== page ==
(from the April 2019 ACP Hospitalist)
Ever wondered how many germs you're wearing around your neck? Studies show that the microbial community on a stethoscope is robust and sometimes includes drug-resistant pathogens like Staphylococcus aureus.
I.M. Internal Medicine
World AIDS Day, December 1, 2019, is an event dedicated to building awareness of the AIDS epidemic and remembering those who have died from the disease. In honor of World AIDS Day, ACP is spotlighting Valerie E. Stone, MD, MPH, MACP, a nationally recognized expert in HIV/AIDS care.
Medical Student Perspectives
I vividly remember my first standardized patient encounter during my third week of medical school. Students would see patients in pairs to gather feedback from our standardized patient and our peers. Leading up to Wednesday, I read and reread Bates' Guide; practiced taking medical history with my classmates; and spent more time in the evenings trying to perfect what to ask. I wanted (and needed) to plan everything out ahead of time. I did not know what the case would be, but I wanted to be more than well prepared.
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Dr. Goldberg wonders how one can learn to accept that critical career decisions are made with an imperfect data set.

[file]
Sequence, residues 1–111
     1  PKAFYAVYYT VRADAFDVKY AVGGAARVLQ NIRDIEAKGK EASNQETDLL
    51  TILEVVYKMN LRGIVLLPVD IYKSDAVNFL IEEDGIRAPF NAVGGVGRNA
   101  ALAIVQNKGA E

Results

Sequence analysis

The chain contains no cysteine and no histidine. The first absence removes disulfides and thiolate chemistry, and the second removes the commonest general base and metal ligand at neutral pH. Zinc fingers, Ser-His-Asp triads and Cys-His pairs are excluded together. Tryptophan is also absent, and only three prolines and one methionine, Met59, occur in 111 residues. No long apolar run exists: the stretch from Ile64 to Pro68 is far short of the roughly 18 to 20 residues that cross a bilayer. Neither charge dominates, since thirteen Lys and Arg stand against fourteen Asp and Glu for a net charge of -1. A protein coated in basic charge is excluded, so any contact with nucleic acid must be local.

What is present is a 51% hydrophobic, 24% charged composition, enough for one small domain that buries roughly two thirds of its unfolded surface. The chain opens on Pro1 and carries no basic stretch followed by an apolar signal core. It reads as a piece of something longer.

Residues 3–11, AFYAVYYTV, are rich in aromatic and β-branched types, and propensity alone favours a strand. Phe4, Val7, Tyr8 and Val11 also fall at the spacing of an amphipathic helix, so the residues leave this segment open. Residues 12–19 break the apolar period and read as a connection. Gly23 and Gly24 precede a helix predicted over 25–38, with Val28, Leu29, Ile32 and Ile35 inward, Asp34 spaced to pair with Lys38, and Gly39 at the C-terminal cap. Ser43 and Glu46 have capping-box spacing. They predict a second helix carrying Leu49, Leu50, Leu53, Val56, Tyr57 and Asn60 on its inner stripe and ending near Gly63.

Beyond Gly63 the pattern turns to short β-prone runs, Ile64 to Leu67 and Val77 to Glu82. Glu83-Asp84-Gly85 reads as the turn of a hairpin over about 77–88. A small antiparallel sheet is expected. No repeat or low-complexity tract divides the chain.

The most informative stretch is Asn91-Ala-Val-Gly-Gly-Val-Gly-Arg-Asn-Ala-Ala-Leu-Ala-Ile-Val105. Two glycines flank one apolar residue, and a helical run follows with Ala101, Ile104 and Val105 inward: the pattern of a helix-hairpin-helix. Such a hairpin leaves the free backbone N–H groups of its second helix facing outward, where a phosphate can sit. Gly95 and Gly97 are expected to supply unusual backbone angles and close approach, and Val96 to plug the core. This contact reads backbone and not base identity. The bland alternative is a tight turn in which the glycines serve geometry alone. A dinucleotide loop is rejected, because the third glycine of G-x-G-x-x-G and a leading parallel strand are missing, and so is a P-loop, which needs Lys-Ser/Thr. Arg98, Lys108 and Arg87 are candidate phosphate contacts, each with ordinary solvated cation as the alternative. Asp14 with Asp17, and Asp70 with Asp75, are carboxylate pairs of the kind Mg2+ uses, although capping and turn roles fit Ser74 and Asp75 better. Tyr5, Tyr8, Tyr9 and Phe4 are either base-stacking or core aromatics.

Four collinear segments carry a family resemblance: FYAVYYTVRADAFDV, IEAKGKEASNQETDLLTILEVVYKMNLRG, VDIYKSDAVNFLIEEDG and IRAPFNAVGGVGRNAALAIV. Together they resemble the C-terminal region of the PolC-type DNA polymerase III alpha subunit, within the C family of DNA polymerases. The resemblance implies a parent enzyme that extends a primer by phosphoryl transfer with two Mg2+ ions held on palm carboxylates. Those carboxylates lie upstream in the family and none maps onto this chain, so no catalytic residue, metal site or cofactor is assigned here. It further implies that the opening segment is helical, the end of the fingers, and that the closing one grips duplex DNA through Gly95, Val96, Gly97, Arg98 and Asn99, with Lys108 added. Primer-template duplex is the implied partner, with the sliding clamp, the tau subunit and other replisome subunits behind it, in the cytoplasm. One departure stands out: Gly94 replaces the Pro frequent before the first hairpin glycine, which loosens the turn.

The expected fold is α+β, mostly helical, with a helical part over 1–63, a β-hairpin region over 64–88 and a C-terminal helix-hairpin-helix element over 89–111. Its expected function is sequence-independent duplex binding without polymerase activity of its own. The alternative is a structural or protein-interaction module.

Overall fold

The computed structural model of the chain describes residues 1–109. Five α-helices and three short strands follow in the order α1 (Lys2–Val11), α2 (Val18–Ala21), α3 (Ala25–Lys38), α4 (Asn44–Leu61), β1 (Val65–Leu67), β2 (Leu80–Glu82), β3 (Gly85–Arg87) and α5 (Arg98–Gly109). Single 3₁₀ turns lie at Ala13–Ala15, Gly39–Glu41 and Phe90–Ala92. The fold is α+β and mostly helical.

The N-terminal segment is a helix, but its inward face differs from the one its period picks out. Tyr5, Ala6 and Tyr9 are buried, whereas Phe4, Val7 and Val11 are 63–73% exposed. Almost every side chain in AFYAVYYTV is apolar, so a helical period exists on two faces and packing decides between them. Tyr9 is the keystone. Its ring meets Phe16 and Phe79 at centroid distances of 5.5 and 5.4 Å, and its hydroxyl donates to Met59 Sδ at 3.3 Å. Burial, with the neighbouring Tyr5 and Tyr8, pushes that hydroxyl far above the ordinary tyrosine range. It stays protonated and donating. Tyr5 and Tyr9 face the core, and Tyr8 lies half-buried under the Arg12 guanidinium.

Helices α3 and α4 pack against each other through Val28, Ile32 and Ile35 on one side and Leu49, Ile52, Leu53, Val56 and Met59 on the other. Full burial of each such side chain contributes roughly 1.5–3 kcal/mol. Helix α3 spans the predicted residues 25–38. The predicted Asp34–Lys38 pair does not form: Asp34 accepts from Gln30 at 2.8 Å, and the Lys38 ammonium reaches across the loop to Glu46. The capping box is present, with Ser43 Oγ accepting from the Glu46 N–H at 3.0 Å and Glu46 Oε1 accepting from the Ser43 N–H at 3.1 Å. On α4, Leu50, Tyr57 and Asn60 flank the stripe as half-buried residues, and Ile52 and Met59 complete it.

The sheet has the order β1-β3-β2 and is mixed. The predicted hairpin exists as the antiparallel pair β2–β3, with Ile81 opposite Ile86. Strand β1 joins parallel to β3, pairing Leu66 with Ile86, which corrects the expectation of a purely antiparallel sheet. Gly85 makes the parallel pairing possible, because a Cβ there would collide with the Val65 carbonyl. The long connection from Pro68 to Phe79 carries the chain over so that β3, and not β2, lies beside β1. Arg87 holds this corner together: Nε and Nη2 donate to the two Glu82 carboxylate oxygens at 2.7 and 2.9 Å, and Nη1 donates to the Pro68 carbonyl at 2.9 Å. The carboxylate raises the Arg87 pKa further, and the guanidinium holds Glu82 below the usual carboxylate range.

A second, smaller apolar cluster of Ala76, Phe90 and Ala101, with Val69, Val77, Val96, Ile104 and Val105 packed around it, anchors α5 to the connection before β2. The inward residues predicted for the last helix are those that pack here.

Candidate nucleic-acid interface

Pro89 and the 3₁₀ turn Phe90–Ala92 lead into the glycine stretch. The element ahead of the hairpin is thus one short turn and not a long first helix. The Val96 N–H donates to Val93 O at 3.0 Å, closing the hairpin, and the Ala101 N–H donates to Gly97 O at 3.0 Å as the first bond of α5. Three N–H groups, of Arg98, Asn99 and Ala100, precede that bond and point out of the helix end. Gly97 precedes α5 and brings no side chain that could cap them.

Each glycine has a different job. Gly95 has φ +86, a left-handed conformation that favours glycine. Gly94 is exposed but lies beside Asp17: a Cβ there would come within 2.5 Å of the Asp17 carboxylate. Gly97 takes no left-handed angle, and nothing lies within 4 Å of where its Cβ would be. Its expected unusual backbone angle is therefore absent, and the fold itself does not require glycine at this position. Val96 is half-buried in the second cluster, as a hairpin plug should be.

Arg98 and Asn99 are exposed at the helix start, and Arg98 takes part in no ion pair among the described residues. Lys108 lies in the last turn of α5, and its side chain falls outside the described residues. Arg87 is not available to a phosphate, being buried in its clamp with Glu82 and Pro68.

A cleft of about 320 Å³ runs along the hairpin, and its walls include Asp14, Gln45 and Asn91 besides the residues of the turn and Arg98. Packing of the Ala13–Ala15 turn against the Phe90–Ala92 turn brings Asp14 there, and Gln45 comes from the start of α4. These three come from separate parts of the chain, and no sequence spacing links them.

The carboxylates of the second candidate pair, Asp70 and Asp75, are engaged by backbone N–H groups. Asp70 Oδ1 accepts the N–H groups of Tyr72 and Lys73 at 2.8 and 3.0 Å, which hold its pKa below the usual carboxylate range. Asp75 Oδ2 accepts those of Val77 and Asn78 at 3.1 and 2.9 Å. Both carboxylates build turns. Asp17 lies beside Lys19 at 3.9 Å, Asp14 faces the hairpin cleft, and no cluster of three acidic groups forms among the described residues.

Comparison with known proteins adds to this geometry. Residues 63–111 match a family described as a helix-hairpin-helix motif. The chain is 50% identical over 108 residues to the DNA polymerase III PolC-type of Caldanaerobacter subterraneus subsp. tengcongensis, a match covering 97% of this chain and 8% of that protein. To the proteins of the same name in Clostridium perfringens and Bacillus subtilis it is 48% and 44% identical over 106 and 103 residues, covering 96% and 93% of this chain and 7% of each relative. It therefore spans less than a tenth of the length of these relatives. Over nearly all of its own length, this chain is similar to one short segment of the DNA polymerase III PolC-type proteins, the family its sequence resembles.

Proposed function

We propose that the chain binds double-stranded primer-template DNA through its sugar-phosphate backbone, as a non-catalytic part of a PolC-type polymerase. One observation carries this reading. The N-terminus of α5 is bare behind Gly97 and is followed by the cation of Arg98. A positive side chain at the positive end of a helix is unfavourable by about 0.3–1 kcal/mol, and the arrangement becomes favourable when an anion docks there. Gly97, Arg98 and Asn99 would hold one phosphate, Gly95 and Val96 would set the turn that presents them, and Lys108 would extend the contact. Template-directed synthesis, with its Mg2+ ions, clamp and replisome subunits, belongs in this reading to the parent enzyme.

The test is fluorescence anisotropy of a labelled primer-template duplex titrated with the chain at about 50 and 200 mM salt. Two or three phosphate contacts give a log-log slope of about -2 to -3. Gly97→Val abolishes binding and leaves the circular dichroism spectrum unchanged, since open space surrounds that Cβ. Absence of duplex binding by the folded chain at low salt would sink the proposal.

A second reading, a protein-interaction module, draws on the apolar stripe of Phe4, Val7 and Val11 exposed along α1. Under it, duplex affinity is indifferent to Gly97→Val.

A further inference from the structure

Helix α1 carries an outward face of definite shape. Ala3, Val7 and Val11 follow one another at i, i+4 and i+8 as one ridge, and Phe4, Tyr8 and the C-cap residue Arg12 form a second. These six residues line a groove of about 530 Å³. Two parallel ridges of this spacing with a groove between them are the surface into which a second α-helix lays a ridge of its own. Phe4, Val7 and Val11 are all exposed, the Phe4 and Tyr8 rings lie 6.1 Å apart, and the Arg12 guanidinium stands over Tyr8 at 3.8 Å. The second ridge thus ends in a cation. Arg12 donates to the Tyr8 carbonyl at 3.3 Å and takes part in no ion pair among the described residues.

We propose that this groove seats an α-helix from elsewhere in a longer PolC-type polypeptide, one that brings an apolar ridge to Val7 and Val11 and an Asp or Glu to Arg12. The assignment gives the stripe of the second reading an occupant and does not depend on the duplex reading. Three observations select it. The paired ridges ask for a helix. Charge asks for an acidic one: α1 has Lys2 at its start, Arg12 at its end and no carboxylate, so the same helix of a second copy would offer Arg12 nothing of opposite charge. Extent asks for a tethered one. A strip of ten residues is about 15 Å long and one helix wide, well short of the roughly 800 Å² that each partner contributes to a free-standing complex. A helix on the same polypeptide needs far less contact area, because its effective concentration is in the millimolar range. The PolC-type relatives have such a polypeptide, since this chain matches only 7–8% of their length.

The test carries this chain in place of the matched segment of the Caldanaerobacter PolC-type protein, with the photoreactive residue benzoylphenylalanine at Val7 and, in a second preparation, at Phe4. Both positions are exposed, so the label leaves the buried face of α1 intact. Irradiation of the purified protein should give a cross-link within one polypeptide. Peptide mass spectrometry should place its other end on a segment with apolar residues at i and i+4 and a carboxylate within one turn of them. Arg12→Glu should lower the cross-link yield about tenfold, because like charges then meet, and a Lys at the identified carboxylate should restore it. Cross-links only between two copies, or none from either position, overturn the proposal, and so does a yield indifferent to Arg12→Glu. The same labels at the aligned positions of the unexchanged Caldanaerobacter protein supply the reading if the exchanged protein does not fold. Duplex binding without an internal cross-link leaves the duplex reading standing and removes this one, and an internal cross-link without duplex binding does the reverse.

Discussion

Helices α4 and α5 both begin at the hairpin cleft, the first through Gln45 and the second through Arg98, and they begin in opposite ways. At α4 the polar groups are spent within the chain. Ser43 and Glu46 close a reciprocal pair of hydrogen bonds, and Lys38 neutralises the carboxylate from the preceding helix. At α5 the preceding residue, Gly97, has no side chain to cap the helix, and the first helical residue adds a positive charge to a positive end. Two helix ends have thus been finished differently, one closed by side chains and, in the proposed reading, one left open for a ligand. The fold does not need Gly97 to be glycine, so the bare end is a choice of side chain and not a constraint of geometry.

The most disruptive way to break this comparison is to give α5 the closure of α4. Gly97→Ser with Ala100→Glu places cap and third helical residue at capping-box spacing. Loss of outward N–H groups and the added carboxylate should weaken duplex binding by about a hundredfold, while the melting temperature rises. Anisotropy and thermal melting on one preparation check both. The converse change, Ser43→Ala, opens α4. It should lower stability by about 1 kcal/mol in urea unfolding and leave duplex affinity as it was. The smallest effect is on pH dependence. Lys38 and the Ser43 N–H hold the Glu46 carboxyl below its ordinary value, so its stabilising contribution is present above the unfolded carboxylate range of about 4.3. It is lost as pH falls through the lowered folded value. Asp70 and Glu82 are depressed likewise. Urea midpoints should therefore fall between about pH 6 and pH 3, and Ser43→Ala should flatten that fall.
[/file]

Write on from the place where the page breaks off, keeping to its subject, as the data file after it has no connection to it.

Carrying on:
Annals of Internal Medicine is the premier internal medicine academic journal published by the American College of Physicians (ACP). It is one of the most widely cited and influential specialty medical journals in the world.
Multicentric Castleman Disease (MCD) is a systemic disease characterized by angiofollicular lymph node hyperplasia often associated with human herpes virus 8 (HHV8) and human immunodeficiency virus (HIV). We demonstrate a case of idiopathic MCD and hypothesize that the etiology may be due to immune dysregulation triggered by uncontrolled diabetes mellitus rather than the common viral coinfections.
Want to have your abstract featured here? ACP holds a National Abstracts Competition as part of the ACP Internal Medicine Meeting every year. Find out more at ACP Online.
Hematology is the subspecialty of internal medicine that focuses on the care of patients with disorders of the blood, bone marrow, and lymphatic systems.
In African Americans, the incidence of sickle cell anemia at birth is estimated to be approximately 1 in 600, and the incidence of all genotypes of sickle cell disease approaches 1 in 300. These estimates are influenced by increasing immigration from the Caribbean region, Central and South America, the Middle East, Africa, and India. Given the distribution of the HbS gene in the world's population, determining which individuals are at risk for sickle cell disease is difficult. Whereas the HbS gene is most prevalent in persons of African, Arabian, and Asian-Indian ancestry, genetic admixture ensures its presence in most ethnic groups, albeit at a far lower prevalence.
ACP IMpact's Medical Student Perspective series presents essays by medical students about their experience in medical school. Anyone that's a medical student can submit an article. Essays can be on any topic such as what inspired you to choose internal medicine, hacks for surviving medical school, or a memorable clerkship experience.
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